Lettrism and Kinesthetic Scripts (1946–1959)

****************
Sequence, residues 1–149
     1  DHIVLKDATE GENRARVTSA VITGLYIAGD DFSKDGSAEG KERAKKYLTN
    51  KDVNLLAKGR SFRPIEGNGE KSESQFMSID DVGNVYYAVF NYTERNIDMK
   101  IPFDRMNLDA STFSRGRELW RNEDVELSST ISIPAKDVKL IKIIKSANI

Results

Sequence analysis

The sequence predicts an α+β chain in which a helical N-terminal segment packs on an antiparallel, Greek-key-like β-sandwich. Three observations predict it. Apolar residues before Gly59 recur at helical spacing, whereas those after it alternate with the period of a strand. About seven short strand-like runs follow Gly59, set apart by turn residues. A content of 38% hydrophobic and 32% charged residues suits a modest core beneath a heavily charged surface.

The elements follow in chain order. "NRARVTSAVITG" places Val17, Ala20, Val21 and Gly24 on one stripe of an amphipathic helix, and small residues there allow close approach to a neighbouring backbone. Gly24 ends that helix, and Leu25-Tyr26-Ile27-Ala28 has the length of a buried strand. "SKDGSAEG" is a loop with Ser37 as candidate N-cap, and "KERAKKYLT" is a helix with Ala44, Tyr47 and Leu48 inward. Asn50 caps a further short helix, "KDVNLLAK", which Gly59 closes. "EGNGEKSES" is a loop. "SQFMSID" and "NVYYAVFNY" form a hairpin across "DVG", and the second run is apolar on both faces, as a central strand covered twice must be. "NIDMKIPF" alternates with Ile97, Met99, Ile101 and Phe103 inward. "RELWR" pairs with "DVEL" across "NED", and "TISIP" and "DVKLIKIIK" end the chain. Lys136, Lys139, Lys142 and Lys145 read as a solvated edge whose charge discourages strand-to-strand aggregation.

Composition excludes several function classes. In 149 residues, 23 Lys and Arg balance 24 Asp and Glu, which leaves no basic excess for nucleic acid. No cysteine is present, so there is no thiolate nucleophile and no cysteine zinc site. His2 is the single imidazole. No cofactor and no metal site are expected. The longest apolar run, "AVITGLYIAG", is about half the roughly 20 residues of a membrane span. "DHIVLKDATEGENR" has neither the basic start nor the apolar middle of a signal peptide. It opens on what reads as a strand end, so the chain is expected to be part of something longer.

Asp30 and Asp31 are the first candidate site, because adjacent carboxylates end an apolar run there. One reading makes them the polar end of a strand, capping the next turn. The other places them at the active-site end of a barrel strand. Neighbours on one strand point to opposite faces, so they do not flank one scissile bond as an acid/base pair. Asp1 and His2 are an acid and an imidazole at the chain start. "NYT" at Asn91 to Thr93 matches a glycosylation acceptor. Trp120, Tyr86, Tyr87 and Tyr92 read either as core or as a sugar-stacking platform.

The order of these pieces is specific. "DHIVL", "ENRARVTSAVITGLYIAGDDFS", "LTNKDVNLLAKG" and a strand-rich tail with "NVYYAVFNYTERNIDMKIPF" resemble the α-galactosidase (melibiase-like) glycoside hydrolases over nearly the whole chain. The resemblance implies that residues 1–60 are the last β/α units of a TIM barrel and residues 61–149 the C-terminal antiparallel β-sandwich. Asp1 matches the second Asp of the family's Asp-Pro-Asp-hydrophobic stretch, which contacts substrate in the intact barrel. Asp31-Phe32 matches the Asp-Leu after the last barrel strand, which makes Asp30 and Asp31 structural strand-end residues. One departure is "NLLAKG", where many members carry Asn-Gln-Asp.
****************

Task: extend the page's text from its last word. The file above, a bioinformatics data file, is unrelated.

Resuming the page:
World War II led to a renewal of cinepoetry, not as utopian experiment but as a practice aiding in the reconstruction of the embodied self, of being-in-the-world and of the sensoriality of language. While the Occupation censored cinema, writers after 1943 increasingly turned to writing scenarios and theoretical texts on cinema, including Barjavel's Total Cinema (which Bazin recycled). When the Liberation finally arrived, France reconstructed itself in the shadow of the Hollywood backlist, launching new cinema institutions and studies. In 1946, three young Jewish refugees—Isou, Lemaître and Pomerand--met and together founded Lettrism, the first-avant-garde poetic movement of the postwar. This chapter argues that Lettrism's cinepoetic revaluation of the ‘letter’ must be understood as the intersection of the new filmic culture, Kabbalistic mysticism, and a damaged post-Shoah reality. Other poets connected with Surrealism also conducted cinepoetic experiments to reimagine and rematerialize what binds together their psyche, body and writing in the wake of the war and the Shoah. This chapter draws on Isou's theoretical works on poetry and cinema, Jean Cayrol's concentrationary Lazarean esthetics and his poetic text written for Resnais’ Night and Fog (1955), and Cayrol and Claude Durand's poetic theory of cinema.
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